Putzel produced the film as an independent study project in the college's film studies program and as part of an internship sponsored by the college's Holleran Center for Community Action and Public Policy. "When I got to college I surrounded myself with the liberal arts thing, taking tons of classes. I had no clue what I wanted to do." After completing a film about the college's host city of New London, his adviser and then-director of the Holleran Center, Professor Jefferson Singer, encouraged Putzel to pursue film. He created an independent study project for his paid internship with the Holleran Center and spent three months of the summer of 2000 working at the Nyumbani Children's Home, an AIDS orphanage outside Nairobi, Kenya. During that time, the psychology-based human relations major and film studies minor also filmed 47 hours of shocking conversations and scenes with street children, parents, prostitutes, gang members and other community members.

At the orphanage where he lived, "I got to know the children, prepared their meals, taught classes and played with them. I also spent every other day working with street children and homeless orphans in the nearby slaughterhouse village of Dagoretti," where, he said, "there wasn't anyone over 35 (years old) and the main business was for making coffins." He spent an additional three weeks in Kiberia, "the biggest slum in sub-Saharan Africa. It was like hell on earth, but a different kind of hell -it was like a war zone that smelled of death. But I grew more than I could ever imagine during that summer.

"With the help of several Kiberian gang members who befriended me, I spent many days and nights talking with those who lived there, trying to understand why AIDS is such a taboo subject and why no one comes forward to stop its spread."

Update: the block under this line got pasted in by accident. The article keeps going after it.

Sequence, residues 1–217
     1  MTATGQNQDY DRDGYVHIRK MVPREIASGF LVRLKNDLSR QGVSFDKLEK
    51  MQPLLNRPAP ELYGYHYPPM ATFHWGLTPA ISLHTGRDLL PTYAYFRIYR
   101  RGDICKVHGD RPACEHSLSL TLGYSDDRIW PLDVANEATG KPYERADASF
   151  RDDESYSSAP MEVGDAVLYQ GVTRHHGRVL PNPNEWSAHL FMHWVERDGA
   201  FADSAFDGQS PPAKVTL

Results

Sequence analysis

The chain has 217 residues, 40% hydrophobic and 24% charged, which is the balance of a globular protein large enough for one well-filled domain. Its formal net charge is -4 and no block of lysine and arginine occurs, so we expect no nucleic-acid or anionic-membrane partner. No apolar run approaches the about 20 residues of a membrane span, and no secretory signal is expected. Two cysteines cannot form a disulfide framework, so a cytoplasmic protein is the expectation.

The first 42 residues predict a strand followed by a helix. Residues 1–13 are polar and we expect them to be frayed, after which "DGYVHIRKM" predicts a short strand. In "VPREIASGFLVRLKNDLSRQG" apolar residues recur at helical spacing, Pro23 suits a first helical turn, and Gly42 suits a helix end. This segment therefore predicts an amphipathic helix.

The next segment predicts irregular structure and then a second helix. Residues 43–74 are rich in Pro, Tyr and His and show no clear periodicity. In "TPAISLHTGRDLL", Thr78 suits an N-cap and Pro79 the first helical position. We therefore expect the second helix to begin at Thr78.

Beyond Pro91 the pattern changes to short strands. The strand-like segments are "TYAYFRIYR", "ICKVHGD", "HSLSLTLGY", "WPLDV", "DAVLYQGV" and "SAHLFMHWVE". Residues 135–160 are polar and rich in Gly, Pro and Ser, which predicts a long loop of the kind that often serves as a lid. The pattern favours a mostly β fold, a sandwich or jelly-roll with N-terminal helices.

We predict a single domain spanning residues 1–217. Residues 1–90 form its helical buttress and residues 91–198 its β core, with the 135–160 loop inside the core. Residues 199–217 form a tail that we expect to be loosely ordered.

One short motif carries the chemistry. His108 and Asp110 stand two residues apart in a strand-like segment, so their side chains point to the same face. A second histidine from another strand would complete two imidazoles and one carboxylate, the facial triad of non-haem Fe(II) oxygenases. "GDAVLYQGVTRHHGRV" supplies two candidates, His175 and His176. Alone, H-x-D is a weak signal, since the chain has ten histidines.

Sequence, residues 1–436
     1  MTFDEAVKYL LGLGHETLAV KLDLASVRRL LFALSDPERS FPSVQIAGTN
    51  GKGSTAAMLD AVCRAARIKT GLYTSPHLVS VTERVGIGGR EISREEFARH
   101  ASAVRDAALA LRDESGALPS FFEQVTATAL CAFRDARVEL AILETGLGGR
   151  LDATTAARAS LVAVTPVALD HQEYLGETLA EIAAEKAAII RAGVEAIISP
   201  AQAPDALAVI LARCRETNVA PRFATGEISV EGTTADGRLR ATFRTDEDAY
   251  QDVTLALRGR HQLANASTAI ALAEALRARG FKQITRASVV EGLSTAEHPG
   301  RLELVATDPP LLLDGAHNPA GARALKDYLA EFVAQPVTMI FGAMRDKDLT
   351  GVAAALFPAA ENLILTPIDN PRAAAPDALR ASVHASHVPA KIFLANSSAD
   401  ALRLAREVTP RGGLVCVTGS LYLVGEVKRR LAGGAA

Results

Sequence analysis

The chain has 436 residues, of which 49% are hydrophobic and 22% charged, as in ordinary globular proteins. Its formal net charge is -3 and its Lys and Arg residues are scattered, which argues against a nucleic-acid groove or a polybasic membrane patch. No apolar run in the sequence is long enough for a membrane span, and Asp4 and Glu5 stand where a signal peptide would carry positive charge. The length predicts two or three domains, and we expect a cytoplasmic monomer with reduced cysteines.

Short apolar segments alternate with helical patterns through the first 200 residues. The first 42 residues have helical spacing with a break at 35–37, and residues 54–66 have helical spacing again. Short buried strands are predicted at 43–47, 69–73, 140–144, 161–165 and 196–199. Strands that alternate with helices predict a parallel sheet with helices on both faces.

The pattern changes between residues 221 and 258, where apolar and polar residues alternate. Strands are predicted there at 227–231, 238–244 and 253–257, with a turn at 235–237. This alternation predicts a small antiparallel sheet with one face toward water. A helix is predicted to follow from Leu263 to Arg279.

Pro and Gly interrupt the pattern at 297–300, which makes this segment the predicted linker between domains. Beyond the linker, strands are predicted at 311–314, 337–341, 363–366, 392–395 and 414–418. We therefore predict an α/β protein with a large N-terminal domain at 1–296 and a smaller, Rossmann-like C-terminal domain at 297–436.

Putzel returned on his own the following winter for more filming and interviewing in Kenya, where his life was threatened, he witnessed a killing, and he faced near arrest by authorities who disapproved of his filming there. But determined "to encourage others to get involved" in the fight against AIDS, he continued on. With the help of Film Studies Assistant Professor David Tetzlaff, "who put his heart and soul into it," he completed the documentary that he hopes will make a difference worldwide.

His advice to other fledgling documentarians? "Go for it. Just go out there and shoot. And when I say that I mean I didn't know what I was doing when I went off to Kenya. I just kind of jumped head first and made a lot of mistakes - and I learned from them," he said. "You can study the art of film, but the most valuable experience I had was the liberal arts education and taking such a variety of classes - it was important to have different perspectives - from knowing more about adolescent development to deal with different situations in the orphanage, to the ethnography of sub-Saharan Africa, to human trauma and coping."